################################################

############ Bootstrap Storage Node 3 ##########
java -jar $KVHOME/lib/kvstore.jar makebootconfig \
        -root $KVROOT\
        -store-security none \
        -capacity 3 \
        -harange 7010,7030 \
        -admin 7001 \
        -port 7000 \
        -memory_mb 200\
        -host kvhost03 \
        -storagedir <PATH TO STORAGEDIR 1 ON SN3> \
        -storagedir <PATH TO STORAGEDIR 2 ON SN3> \
        -storagedir <PATH TO STORAGEDIR 3 ON SN3> \

################################################

Step 2 : Start the Oracle NoSQL Database Storage Node Agent (SNA) on each of the
Oracle NoSQL Database nodes. The SNA manages the
Oracle NoSQL Database processes on each node.

java -jar $KVHOME/lib/kvstore.jar start -root $KVROOT &
java -jar $KVHOME/lib/kvstore.jar start -root $KVROOT &

Step 3 : Deploy 3x3 topology

In this step we deploy the
storage nodes and configure the topology, since Storage Node (SN1) is
already deployed, we are not deploying that again, but instead just
increasing the capacity to 3 (from 1) by using the plan change parameter
command. We also need to add the  path to the storage directory that will contain the environment
associated with a 2 additional Replication Node that would be running on SN1. Next we, deploy the new storage nodes SN2 and SN3. To change from one configuration to another, you
either create a new initial topology, or youclone an existing topology and modify it into
your target topology and then deploy this target topology- we take the clone of the current topology. Remember, we are changing the Replication Factor (RF) from 1 to 3, increase in RF creates
more copies of the data that  improves read throughput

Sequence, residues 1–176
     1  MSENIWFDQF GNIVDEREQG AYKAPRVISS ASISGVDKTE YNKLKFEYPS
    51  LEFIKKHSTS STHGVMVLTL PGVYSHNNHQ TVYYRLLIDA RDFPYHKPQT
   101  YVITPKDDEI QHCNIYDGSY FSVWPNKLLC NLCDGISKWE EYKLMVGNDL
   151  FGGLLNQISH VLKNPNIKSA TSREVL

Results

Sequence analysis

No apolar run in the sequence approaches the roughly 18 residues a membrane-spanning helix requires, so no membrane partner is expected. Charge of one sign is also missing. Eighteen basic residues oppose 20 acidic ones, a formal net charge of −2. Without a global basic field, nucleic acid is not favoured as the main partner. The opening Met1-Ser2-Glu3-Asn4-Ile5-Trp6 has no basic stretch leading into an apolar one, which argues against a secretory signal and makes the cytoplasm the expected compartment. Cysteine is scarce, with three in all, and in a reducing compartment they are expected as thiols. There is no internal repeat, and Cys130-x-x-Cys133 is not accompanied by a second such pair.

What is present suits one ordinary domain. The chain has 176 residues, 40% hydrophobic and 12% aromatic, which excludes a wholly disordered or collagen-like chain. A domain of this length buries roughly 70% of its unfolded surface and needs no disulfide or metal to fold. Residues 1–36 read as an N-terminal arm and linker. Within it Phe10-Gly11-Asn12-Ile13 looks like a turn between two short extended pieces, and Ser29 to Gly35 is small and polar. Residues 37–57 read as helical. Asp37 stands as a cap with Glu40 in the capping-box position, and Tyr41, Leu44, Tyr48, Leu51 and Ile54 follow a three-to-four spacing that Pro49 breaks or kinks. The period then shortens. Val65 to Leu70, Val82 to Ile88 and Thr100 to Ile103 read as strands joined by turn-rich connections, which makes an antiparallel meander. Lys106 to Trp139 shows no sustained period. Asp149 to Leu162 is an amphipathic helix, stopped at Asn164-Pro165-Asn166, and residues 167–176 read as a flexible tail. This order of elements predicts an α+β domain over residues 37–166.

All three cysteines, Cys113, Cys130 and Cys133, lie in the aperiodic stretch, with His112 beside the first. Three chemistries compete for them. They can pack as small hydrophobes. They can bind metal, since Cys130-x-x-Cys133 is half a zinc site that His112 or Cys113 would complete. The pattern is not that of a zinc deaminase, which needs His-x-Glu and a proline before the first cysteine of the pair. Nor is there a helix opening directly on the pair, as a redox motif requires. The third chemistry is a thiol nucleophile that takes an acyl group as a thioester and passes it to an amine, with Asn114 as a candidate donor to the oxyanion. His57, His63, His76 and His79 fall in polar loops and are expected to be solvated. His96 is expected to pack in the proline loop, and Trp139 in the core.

and availability. RF is increased by using the topology change-repfactor command. For additional information on how to identify your
replication factor and its implications, seeReplication Factor.We then call the redistribute command, which will create new shards, replication nodes and move partitions, RN to re-balance the cluster. Finally, we preview and deploy the topology

java -Xmx256m -Xms256m -jar ${KVHOME}/lib/kvstore.jar runadmin -port 5000
       -host ${HOSTNAME} << EOF

plan change-parameters -service sn1 -wait -params capacity=3
plan change-storagedir -sn sn1 -storagedir<PATH TO STORAGEDIR 2 ON SN1> \ -add -wait
plan change-storagedir -sn sn1 -storagedir <PATH TO STORAGEDIR 2 ON SN1> \ -add -wait

plan deploy-sn -znname "Boston" -port 6000 -wait -host kvhost02
plan deploy-admin -sn sn2 -port 6001 -wait

plan deploy-sn -znname "Boston" -port 7000 -wait -host kvhost03
plan deploy-admin -sn sn3 -port 7001 -wait

topology clone -current -name 3x3
topology change-repfactor -name 3x3 -pool BostonPool-znname "Boston" -rf 3
topology redistribute -name 3x3 -pool BostonPool -partitions
topology preview -name 3x3
plan deploy-topology -name 3x3 -wait
show  plan
EOF

Once done. You can verify by logging into the admin console and using the show topology command

kv-> show topology;
store=kvstore  numPartitions=120 sequence=217
  zn: id=zn1 name=Boston repFactor=3 type=PRIMARY allowArbiters=false

sn=[sn1] zn:[id=zn1 name=Boston] kvhost01:5000 capacity=3 RUNNING
    [rg1-rn1] RUNNING
             single-op avg latency=1.2094289 ms   multi-op avg latency=5.4368057 ms
    [rg2-rn1] RUNNING
             single-op avg latency=0.0 ms   multi-op avg latency=7.688985 ms
    [rg3-rn1] RUNNING
             single-op avg latency=0.0 ms   multi-op avg latency=1.6008012 ms
  sn=[sn2] zn:[id=zn1 name=Boston] kvhost02:6000 capacity=3 RUNNING
    [rg1-rn2] RUNNING
             single-op avg latency=0.0 ms   multi-op avg latency=3.631618 ms
    [rg2-rn2] RUNNING
             single-op avg latency=0.0 ms   multi-op avg latency=3.1090064 ms
    [rg3-rn2] RUNNING
             single-op avg latency=1.5529954 ms   multi-op avg latency=5.964887 ms
  sn=[sn3] zn:[id=zn1 name=Boston] kvhost03:7000 capacity=3 RUNNING
    [rg1-rn3] RUNNING
             single-op avg latency=0.0 ms   multi-op avg latency=3.7453163 ms
    [rg2-rn3] RUNNING
             single-op avg latency=1.3022312 ms   multi-op avg latency=3.657524 ms
    [rg3-rn3] RUNNING
             single-op avg latency=0.0 ms   multi-op avg latency=5.796298 ms

  shard=[rg1] num partitions=40
    [rg1-rn1] sn=sn1
    [rg1-rn2] sn=sn2
    [rg1-rn3] sn=sn3
  shard=[rg2] num partitions=40
    [rg2-rn1] sn=sn1
    [rg2-rn2] sn=sn2
    [rg2-rn3] sn=sn3
  shard=[rg3] num partitions=40
    [rg3-rn1] sn=sn1
    [rg3-rn2] sn=sn2
    [rg3-rn3] sn=sn3